What Does the High School Core Curriculum Include?

by All Star Staff

Mar 9, 2018 | Degrees

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As a prospective secondary education teacher, you may be wondering exactly what classes you can expect to teach once you start your career—and what the course content of those classes will be. The answer is contained in your middle and high school curriculum.

While schools, districts and states all have varying standards, there are some general principles you can expect to find in virtually every secondary school curriculum. Read on to find out what kids are learning in secondary schools today.

Middle School Curriculum

With the relative youth of their students and the integrated approach they take toward education, middle schools have the flexibility to create effective teaching units that cross subject-matter barriers and help students learn across educational disciplines.

When they use this collaborative freedom to its fullest extent, teachers can carry out a middle school curriculum that engages young minds to explore subjects beyond the common terms of math, science, social studies, and English.

For example, an integrated middle school curriculum unit might explore both the students’ awareness of self-identity and the different types and levels of cultural awareness in different countries.

Elements of history, politics, religion and diversity could be discussed in social studies. Aspects of human development can be covered in both science and creative writing, and for additional perspective, art or drama could be studied and physical education could explore and test the new capabilities their growing bodies gain at that age.

If you are interested in working in a collaborative, team-focused environment and enjoy thinking outside the box of conventional subject-matter blocks, you might enjoy working within a middle school curriculum.

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High School Curriculum

High schools in the U.S. serve our oldest secondary students in grades 9 through 12. Since high schools are rated based on test results (which can affect funding) and college admissions become critical as graduation approaches, high schools place a great deal of emphasis on academic performance.

Therefore, teachers have the opportunity to teach challenging, high level courses for college-bound students who take their studies seriously. At the same time, high schools also offer a wide variety of classes for students of all abilities and interests.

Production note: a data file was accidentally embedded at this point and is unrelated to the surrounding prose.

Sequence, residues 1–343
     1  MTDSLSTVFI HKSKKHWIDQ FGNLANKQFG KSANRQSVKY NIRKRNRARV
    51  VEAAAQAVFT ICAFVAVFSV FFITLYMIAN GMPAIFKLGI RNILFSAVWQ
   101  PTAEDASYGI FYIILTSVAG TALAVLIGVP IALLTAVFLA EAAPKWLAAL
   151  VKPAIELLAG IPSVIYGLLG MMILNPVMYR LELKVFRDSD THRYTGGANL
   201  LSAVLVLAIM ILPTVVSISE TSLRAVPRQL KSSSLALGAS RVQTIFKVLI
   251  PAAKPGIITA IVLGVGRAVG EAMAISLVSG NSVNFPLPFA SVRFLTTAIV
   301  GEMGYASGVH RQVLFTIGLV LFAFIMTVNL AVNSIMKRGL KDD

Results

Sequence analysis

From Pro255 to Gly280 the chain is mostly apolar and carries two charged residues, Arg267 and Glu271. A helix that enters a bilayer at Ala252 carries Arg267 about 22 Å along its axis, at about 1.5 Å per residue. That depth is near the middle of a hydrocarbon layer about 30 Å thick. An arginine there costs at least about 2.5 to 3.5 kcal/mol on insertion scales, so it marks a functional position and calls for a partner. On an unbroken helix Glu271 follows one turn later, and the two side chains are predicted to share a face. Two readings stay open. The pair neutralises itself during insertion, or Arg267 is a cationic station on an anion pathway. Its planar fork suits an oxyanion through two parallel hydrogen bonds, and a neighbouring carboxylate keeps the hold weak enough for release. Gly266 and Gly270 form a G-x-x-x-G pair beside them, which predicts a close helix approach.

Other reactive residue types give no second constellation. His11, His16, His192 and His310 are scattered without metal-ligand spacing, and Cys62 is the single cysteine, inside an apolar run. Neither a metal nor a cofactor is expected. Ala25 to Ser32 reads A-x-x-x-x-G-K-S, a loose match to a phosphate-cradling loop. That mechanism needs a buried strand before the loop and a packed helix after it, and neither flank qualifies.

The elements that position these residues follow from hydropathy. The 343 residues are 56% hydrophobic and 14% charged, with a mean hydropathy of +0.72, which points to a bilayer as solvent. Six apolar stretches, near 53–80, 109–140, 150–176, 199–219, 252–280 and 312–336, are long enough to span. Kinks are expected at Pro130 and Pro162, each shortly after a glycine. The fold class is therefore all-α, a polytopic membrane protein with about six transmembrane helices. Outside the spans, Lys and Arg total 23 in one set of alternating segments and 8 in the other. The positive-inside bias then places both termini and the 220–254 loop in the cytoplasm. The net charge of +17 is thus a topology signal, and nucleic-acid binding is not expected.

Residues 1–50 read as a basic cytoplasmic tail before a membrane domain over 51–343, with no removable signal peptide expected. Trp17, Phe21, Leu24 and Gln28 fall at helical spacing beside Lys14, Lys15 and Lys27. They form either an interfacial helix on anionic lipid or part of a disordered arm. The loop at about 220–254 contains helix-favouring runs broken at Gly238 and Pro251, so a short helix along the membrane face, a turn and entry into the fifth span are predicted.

Because of this course variety, your high school curriculum can vary widely as well. As a teacher with a math endorsement, you might teach a class on consumer mathematics for those who struggle with the subject and follow it up with an advanced class in calculus, statistics or trigonometry.

If you have a history or social studies endorsement, you might be asked to teach world history, U.S. history, civics, or even sociology or economics.

Some of the most common required high school curriculum classes in the U.S. include the following:

  • Math: Four years – often includes algebra, geometry and trigonometry
  • English: Four years – covers classic and period literature, drama, research, and writing
  • Science: Three classes – often involves biology, chemistry and physics
  • History: Three classes – U.S. history, world history and civics are common requirements
  • Foreign Language: Two years (sometimes optional) – Spanish, French and German are long-standing offerings, but Japanese, Chinese and Russian are increasingly popular
  • Physical Education: Two years – can often be replaced by approved after-school activities
  • Computers: Two classes – typing, office programs and web standards are just a start
  • Health: One class – nutrition, disease, sexuality and first aid are often covered

Of course, these core classes just scratch the surface of high school offerings. Art, theater, public speaking and academic electives such as marine biology, geology, astronomy, statistics, poetry and psychology, as well as hands-on classes like driver’s training and wood shop all contribute to the wealth of classes you can teach as part of a comprehensive high school curriculum.

Preparation is Crucial

As any conscientious teacher knows, preparation is crucial to a good lesson plan. And the product of a year’s lesson plans is the high school curriculum that you teach.

So research different curricular variations and use all of your secondary curriculum knowledge to plan out which subjects and age-levels you would like to focus on in your career. Many schools offer specific degree programs that lead to specialized teacher certification that can help you get the job you want. For example, you can specialize in teaching science in high school or English in middle school.

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